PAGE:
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Lettris is a curious tetris-clone game where all the bricks have the same square shape but different content. Each square carries a letter. To make squares disappear and save space for other squares you have to assemble English words (left, right, up, down) from the falling squares.
Boggle gives you 3 minutes to find as many words (3 letters or more) as you can in a grid of 16 letters. You can also try the grid of 16 letters. Letters must be adjacent and longer words score better. See if you can get into the grid Hall of Fame !
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||This article includes a list of references, related reading or external links, but its sources remain unclear because it lacks inline citations. Please improve this article by introducing more precise citations. (February 2011)|
The Act of Union, formally the The British North America Act, 1840 (3 & 4 Victoria, c.35), was enacted in July 1840 and proclaimed 10 February 1841. It abolished the legislatures of Lower Canada and Upper Canada and established a new political entity, the Province of Canada to replace them. This act effected the political union of The Canadas, and was similar in nature and in goals to the other Acts of Union enacted by the British Parliament.
The inspiration for the Act is typically attributed to Lord Durham's Report on Canada. Lord Durham was sent to the colonies to examine the causes of the Rebellions of 1837 in both Upper and Lower Canada. The union was also proposed to solve pressing financial issues in Upper Canada, which had become increasingly indebted under the previous regime dominated by the Family Compact. These debts stemmed mostly from poor investments in canals connecting Upper Canada to the port of Montreal in Lower Canada via the Great Lakes and St-Lawrence river. Due to Upper Canada's considerable debt and chronic budget shortfalls, it was hoped that its finances could be salvaged by merging it with the then-solvent Lower Canada.
Upper Canada, with its British and Protestant majority, was growing more rapidly than Lower Canada, with the French-Canadian and Catholic majority. It was hoped that by merging the two colonies, the French-Canadian cultural presence in North America would gradually disappear through assimilation. As such, the Act also contained measures banning the French language from official use in the Legislative Assembly. However, despite the amalgamation, the distinct legal systems of the two colonies was retained with Upper Canada becoming referred to as Canada West (with English common law) and Lower Canada as Canada East (with French civil law).
The new, merged colony was named the Province of Canada and the seat of government was moved to Kingston by Lord Sydenham. Canada West, with its 450,000 inhabitants, was represented by 42 seats in the Legislative Assembly, the same number as the more-populated Canada East, with 650,000 inhabitants. The French-Canadian majority as well as numerous anglophones considered this an injustice. In Lower Canada, Louis-Joseph Papineau demanded representation by population and the recall of the union the minute he entered the new Parliament of United Canada.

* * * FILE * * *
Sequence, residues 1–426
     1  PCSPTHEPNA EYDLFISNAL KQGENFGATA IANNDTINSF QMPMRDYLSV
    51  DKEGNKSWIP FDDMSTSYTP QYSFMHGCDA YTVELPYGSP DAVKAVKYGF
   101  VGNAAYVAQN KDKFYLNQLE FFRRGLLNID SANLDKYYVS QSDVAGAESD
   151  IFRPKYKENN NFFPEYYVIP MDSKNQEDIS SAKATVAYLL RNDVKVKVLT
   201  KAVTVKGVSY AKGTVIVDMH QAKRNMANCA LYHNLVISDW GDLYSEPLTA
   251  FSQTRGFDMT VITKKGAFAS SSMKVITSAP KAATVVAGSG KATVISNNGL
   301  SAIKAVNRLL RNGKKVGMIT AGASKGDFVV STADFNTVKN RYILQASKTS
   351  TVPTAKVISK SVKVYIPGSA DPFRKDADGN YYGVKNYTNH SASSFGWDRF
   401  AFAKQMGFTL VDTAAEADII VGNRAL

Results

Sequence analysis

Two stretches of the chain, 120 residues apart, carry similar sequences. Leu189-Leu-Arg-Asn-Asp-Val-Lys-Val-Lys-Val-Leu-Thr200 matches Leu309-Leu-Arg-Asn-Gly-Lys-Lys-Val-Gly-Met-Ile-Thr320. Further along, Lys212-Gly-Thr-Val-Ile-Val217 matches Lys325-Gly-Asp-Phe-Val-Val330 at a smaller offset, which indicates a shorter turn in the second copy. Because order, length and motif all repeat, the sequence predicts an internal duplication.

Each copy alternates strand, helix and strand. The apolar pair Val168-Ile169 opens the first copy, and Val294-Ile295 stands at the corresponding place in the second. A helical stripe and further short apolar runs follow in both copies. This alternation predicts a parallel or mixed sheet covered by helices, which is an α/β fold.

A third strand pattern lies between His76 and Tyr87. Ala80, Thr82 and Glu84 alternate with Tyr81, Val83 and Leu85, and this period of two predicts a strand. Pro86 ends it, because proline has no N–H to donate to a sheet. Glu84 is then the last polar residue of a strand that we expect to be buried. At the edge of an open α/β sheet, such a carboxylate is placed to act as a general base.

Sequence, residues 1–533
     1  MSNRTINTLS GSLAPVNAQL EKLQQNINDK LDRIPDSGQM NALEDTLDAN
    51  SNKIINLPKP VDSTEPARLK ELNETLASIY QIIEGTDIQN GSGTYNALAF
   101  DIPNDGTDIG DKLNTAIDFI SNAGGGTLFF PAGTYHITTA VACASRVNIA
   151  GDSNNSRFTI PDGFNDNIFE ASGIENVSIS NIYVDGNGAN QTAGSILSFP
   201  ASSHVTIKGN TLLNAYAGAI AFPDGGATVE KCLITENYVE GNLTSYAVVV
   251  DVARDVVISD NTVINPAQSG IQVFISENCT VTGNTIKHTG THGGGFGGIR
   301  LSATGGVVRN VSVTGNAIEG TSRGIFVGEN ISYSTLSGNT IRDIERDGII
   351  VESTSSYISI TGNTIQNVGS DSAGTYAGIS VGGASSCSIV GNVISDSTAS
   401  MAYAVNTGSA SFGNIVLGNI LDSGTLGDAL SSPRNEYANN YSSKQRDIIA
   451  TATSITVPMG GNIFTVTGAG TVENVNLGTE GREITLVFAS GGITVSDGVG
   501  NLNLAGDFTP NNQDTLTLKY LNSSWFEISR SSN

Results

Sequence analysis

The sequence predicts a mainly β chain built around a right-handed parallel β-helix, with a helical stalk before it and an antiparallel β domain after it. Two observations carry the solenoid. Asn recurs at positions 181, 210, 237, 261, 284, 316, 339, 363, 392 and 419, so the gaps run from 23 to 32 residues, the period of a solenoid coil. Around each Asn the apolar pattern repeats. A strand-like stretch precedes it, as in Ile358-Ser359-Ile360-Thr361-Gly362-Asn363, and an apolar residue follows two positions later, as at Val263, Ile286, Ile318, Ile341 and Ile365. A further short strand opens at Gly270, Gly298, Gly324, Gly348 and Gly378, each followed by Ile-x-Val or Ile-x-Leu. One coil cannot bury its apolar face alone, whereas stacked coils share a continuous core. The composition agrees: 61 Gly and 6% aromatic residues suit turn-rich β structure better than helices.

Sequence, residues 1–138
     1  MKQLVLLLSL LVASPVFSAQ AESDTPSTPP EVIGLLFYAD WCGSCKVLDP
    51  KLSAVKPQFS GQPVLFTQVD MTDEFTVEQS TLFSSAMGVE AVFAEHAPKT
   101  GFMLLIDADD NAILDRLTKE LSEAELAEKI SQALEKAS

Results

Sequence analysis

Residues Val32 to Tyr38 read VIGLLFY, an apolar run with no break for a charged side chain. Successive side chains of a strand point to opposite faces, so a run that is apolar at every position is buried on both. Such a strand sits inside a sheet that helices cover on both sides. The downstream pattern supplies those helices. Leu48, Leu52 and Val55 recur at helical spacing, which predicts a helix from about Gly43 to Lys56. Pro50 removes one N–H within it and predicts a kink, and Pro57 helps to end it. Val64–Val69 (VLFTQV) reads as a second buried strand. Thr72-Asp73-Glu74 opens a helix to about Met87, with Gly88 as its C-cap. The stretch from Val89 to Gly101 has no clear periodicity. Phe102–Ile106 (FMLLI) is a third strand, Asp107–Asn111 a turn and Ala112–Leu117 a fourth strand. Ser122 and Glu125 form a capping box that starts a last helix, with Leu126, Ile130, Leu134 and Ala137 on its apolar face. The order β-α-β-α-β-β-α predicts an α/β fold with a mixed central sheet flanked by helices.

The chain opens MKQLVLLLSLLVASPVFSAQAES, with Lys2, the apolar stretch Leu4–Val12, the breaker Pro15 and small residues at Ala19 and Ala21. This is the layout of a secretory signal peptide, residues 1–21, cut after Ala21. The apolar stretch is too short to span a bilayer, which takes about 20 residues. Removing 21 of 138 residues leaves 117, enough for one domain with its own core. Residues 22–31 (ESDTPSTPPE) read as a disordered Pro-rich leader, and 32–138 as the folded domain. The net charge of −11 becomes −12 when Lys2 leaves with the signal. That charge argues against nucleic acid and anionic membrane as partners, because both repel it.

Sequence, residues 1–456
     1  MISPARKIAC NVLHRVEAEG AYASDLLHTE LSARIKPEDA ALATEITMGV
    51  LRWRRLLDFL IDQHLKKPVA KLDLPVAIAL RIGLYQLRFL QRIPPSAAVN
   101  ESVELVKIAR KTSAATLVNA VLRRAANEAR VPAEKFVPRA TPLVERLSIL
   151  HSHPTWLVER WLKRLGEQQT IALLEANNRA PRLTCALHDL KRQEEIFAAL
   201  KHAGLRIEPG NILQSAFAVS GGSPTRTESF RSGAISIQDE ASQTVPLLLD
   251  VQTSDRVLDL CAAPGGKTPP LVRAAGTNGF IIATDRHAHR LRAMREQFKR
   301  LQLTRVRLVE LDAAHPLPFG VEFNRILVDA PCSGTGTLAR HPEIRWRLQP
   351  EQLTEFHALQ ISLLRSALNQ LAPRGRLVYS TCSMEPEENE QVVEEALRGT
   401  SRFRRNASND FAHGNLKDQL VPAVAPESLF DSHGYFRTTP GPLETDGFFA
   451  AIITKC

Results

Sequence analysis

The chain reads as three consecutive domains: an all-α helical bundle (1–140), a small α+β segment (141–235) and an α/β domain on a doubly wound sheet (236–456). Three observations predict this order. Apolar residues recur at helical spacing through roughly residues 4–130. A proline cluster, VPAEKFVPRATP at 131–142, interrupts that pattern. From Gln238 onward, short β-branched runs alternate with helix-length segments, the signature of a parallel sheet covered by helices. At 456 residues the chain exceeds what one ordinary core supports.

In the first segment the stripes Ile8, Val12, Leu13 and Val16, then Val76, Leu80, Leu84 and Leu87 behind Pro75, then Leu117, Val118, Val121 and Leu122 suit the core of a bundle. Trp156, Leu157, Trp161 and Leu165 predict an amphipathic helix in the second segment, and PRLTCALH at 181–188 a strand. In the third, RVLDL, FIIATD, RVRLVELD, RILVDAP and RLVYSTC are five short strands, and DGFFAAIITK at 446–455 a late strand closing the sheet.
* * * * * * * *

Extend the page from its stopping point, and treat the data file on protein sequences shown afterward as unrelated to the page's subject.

The granting of responsible government to the colony is typically attributed to reforms in 1848 (principally the effective transfer of control over patronage from the Governor to the elected ministry). These reforms resulted in the appointment of the second Baldwin-Lafontaine government that quickly removed many of the disabilities on French-Canadian political participation in the colony.
By the late 1850s, massive immigration from the British Isles to Canada West changed the previous demographic imbalance between the English and French sections of the colony. Many politicians in Canada West began to lobby for representation by population as they no longer considered the equal representation mandated by the Act of Union to be just.
At last, the Act of Union failed at shutting down French-Canadian political influence, especially after responsible government was granted to the colony. By voting en bloc while the anglophones of Canada West were highly factionalized, the francophones of Canada East guaranteed a strong, unified presence in the legislative assembly. As a result, bills proposed by one of the anglophone Canada West factions required the support of the francophone Canada East votes to be passed. This was known as the double majority principle.
However, the francophone presence remained inferior to their demographic weight in the executive and legislative councils. The government of Lafontaine-Baldwin succeeded in repealing the measure against the French language in the Assembly, in the courts, and in the civil administration. With the double majority principle, both Canadas were so to speak "reseparated" and for a short while, both sides were managed independently. Joint premierships shared by an anglophone from Canada West and a francophone from Canada East became the convention, but continual legislative deadlock resulting from the conflicting aspirations of the two Canadas, remained. Dissatisfaction resulting from this deadlock was one of the main factors for Canadian Confederation in 1867.